The art of tasting cheese

Photography by Jessica Emin, Styling by Lindsay Cameron Wilson

I was still in the stairwell and, before I even laid eyes upon them, I could smell the the category winners from the 2015 Canadian Cheese Grand Prix. There were notes of mushroom, wet leaf and manure. I was excited because I knew I wouldn’t be introduced to any wimpy, tasteless, odourless cheeses. Meeting chef, and 2015 Canadian Cheese Grand Prix Judge, Michael Howell to taste through the best cows milk cheeses in the country is a start to a good day.

An array of cheese, from soft, fresh cheese, like Ricotta Bella Casara from Ontario, to hard, aged cheese, like St-Albert’s five year aged Extra Old Cheddar, cover the better part of a 12 seat table.

There was a semi-soft rusty-orange wheel, L’Origine de Charlevoix from Quebec, and I knew it was to blame, or thank, for the pungently intoxicating odour emanating from our bright meeting room.

Photography by Jessica Emin, Styling by Lindsay Cameron Wilson

Photography by Jessica Emin. Styling by Lindsay Cameron Wilson

This year marked the ninth year for the awards, and 268 were submitted for evaluation. Judges picked 81 for the finals. They judged the cheeses against other cheese of the same type or style, of which there are 27. They then picked a winner from each category, along with only one overall winner. The Grand Champion cheese this year is Laliberté from Fromagerie du Presbytere. I found it to be a soft, pillowy and unctuous cheese with notes of fresh cream, grass, a salty minerality and a rich buttered corn sweetness. The rind, which was unbelievably soft and incorporated well with the center paste of the cheese, had slight pasture and dehydrated mushroom notes.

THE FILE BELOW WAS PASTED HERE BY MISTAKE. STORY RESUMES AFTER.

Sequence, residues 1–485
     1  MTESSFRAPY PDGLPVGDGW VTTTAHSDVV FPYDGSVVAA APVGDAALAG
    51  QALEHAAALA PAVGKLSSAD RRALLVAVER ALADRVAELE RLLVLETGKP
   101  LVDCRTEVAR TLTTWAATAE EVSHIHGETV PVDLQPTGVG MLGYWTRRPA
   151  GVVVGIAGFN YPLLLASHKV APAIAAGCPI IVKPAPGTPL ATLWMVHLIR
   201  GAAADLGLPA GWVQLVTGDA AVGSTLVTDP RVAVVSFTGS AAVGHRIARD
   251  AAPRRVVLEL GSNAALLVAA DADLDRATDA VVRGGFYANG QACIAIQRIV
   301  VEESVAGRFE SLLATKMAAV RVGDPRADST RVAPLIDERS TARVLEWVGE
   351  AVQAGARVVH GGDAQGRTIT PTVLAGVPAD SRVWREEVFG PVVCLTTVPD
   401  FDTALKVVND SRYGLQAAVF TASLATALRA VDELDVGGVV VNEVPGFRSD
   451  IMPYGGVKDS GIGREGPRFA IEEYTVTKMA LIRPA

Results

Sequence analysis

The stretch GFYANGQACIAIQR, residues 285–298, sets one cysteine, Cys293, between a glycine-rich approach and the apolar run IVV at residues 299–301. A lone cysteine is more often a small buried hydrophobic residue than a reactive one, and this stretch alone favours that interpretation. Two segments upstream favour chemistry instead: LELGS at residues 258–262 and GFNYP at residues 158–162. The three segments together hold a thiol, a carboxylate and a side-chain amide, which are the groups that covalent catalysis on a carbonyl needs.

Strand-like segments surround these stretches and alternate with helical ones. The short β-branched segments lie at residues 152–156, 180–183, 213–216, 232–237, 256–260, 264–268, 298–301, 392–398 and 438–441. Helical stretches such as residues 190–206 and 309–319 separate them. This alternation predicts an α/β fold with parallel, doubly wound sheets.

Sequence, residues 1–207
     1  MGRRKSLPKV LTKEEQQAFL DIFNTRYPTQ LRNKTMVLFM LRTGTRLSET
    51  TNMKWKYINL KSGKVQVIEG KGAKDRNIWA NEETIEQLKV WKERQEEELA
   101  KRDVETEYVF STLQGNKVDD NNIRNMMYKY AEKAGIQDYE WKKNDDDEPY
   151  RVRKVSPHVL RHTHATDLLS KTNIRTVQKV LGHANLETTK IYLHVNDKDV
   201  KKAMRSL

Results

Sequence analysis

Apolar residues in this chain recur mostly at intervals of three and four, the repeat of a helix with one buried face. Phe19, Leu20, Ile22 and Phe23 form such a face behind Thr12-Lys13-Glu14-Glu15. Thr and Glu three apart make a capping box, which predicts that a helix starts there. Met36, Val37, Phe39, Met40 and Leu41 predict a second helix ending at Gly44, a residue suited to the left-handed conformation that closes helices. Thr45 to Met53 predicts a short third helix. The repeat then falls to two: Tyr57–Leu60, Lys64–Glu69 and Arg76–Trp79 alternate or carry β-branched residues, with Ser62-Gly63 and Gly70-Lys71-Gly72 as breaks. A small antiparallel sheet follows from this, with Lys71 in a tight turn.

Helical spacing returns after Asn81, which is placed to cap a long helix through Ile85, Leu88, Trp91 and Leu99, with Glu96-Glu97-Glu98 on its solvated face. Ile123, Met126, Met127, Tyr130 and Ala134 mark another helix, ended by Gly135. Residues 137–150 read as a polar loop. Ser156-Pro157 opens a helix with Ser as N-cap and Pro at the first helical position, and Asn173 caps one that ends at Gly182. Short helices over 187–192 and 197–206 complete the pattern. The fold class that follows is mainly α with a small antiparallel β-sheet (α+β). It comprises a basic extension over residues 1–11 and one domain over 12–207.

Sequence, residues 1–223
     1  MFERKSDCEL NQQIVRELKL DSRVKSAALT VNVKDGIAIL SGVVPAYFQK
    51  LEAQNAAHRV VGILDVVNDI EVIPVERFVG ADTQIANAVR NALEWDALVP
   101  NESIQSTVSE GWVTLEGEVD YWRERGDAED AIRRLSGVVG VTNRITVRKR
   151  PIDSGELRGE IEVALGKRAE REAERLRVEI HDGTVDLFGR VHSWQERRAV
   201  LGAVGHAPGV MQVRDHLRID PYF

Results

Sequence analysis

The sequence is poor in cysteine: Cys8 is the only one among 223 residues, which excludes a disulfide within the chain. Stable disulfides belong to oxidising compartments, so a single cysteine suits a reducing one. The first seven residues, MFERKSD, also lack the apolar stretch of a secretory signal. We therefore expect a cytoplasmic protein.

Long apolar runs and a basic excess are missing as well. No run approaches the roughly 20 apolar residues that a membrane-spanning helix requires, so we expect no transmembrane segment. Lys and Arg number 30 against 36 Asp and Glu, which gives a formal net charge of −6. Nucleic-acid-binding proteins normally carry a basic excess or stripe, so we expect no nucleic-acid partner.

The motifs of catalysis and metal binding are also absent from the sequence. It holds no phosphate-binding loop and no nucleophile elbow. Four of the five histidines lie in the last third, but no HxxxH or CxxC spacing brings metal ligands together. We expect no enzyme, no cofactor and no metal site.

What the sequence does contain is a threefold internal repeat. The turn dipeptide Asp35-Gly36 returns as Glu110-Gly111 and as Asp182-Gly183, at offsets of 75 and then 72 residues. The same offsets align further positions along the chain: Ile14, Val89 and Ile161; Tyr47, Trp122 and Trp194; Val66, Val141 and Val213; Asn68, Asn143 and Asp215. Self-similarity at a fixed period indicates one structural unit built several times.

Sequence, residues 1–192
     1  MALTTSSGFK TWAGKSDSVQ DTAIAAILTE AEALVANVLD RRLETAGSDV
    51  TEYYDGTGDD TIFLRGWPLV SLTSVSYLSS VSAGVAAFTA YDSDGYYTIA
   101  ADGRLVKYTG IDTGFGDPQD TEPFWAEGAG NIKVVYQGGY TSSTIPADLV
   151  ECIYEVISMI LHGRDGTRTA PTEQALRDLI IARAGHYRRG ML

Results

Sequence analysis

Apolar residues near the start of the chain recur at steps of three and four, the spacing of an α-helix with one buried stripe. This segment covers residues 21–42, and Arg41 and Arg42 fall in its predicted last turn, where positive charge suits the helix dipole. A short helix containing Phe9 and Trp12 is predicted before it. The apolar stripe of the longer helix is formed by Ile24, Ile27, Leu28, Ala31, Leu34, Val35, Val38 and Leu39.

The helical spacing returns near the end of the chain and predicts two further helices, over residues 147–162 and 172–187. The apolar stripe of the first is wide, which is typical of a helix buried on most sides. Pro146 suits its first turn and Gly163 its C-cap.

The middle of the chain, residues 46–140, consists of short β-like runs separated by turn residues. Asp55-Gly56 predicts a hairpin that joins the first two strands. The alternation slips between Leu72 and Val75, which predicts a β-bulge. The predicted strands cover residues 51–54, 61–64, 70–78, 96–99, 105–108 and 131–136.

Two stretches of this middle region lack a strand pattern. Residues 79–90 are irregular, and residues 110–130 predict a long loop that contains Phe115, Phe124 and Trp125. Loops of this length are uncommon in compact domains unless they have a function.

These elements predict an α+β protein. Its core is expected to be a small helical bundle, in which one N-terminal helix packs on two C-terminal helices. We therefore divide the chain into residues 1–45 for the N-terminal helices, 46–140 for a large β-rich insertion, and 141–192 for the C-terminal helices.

When tasting cheese I often default to assessing quality the same way I do when tasting wine. Howell told me that makes sense: the way cheese and wine are judged is closely related.

Howell explained that chefs, critics or affineurs (a professional cheese taster, like what a sommelier is to wine) go through a set of criteria to determine the quality of the cheese.

He says that beyond looking for how sound the cheese is from a technical perspective (for example a ricotta should not be dry while an aged cheddar should not be wet) the judges are looking for balance and flavour. “We’re looking for a cheese that’s not out of whack,” Howell says. “You just want it to be a harmonious example of the category.” If it’s too salty, pungent, smoky, or woody, it won’t make it to the top.  

Photography by Jessica Emin, Styling by Lindsay Cameron Wilson

Photography by Jessica Emin. Styling by Lindsay Cameron Wilson

The cheese is assessed through its initial impression, to the mid-palate, and through to the finish (or the lasting impression) the cheese leaves with the taster, says Howell. Other characteristics judges search for are expressions of umami within the cheese (savoury or meaty notes associated with ageing and complexity) or cheeses that exhibit similarities to the terroir where the animals grazed.